Hum Pathol. 2014; 45(7):1315-26 [PubMed] Related Publications
Melanocytic proliferations are notoriously difficult lesions to evaluate histologically, even among experts, as there is a lack of objective, highly reproducible criteria, which can be broadly applied to the wide range of melanocytic lesions encountered in daily practice. These difficult diagnoses are undeniably further compounded by the substantial medicolegal risks of an "erroneous" diagnosis. Molecular information and classification of melanocytic lesions is already vast and constantly expanding. The application of molecular techniques for the diagnosis of benignity or malignancy is, at times, confusing and limits its utility if not used properly. In addition, current and future therapies will necessitate molecular classification of melanoma into one of several distinct subtypes for appropriate patient-specific therapy. An understanding of what different molecular markers can and cannot predict is of the utmost importance. We discuss both mutational analysis and chromosomal gains/losses to help clarify this continually developing and confusing facet of pathology.

Related: Melanoma


Ellis H
Edward Cock: Cock's 'peculiar tumour'.
J Perioper Pract. 2014; 24(4):87-8 [PubMed] Related Publications
I must first apologise to my readers for including in this series a condition which I have never personally seen in 40 years of general surgery, nor, I believe, have any of the readers of this article. My excuse is that the condition has such a charming name and that the surgeon, Edward Cock, was such an interesting character.


Findley A, Lee K, Jellinek NJ
Nail surgery among Mohs surgeons: prevalence, safety, and practice patterns.
Dermatol Surg. 2014; 40(6):691-5 [PubMed] Related Publications
BACKGROUND: Among US dermatologists, Mohs surgeons perform most of the nail surgeries. The specific practice patterns and safety precautions have not been formally studied.
OBJECTIVE: To study the practice patterns, safety precautions, and complications of this group when performing nail surgery.
METHODS: A survey was sent electronically to all members of the American College of Mohs Surgery Listserv. The survey evaluated the demographics of the surgeons, the types of surgery performed, the techniques for obtaining a bloodless field, and complications.
RESULTS: Those surgeons who performed more procedures in training tended to continue that practice and performed more surgeries when in practice, as did surgeons with greater time since completing fellowship. Complications were rare.
CONCLUSION: The data herein support that nail surgeries performed by Mohs surgeons are safe, with minimal complications, despite a broad range of approaches to obtaining a bloodless field and with a variety of procedures performed.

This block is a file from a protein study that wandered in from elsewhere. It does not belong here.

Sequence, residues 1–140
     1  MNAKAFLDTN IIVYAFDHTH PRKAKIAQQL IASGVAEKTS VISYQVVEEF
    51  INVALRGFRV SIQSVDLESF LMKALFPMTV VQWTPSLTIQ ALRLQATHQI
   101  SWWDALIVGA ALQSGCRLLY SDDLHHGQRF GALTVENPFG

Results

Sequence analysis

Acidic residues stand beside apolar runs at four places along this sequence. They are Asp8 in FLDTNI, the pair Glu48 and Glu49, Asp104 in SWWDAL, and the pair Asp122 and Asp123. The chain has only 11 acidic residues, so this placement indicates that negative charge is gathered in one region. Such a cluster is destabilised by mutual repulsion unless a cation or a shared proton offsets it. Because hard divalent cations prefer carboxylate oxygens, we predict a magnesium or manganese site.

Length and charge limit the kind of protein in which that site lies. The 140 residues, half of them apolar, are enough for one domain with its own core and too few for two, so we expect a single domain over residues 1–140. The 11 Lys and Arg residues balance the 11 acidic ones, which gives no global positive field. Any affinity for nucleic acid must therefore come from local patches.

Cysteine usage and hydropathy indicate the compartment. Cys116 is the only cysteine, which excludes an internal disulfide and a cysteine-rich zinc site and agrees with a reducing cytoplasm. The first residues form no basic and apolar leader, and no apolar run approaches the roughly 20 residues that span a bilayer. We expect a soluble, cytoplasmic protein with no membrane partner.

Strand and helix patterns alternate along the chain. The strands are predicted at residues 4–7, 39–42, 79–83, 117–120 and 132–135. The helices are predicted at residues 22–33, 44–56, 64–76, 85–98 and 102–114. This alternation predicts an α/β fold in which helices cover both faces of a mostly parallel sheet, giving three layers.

Related: USA


Lee KC, Higgins HW, Linden O, Cruz AP
Gender differences in tumor and patient characteristics in those undergoing Mohs surgery.
Dermatol Surg. 2014; 40(6):686-90 [PubMed] Related Publications
BACKGROUND: Nonmelanoma skin cancer is the most common cancer in the United States, and when indicated, Mohs micrographic surgery (MMS) is an effective method for tumor removal. Few studies have focused on gender-specific characteristics among those undergoing MMS.
OBJECTIVE: To elucidate patient- and tumor-specific characteristics in female MMS patients.
MATERIALS AND METHODS: We performed a retrospective chart review of 12,344 consecutive patients undergoing MMS from 2005 to 2012.
RESULTS: There was a 1.5:1 male predominance in the presentation of basal cell carcinoma (BCC) for MMS. However, BCC comprised 72% of tumors in women compared with 63% in men. Presenting tumor sizes of BCCs were smaller in women (0.9 vs 1.2 cm, p < .01). Superficial BCCs were more common in women (p < .001). Women had fewer squamous cell carcinoma (p < .01) and squamous cell carcinoma in situ (p < .01). They were more likely to present with tumors on their legs and central facial areas, whereas men had more tumors on their scalps and ears. Plastic surgery referral was over twice as common in the female population (p < .01).
CONCLUSION: In our data set, significant gender-specific differences were found in women compared with men undergoing MMS. These findings may be the result of discrepancies in sun exposure, protective behavior, and cosmetic concern.

Related: Basal Cell Carcinoma USA


Larson RJ, Aylward J
Evaluation and management of hypertension in the perioperative period of Mohs micrographic surgery: a review.
Dermatol Surg. 2014; 40(6):603-9 [PubMed] Related Publications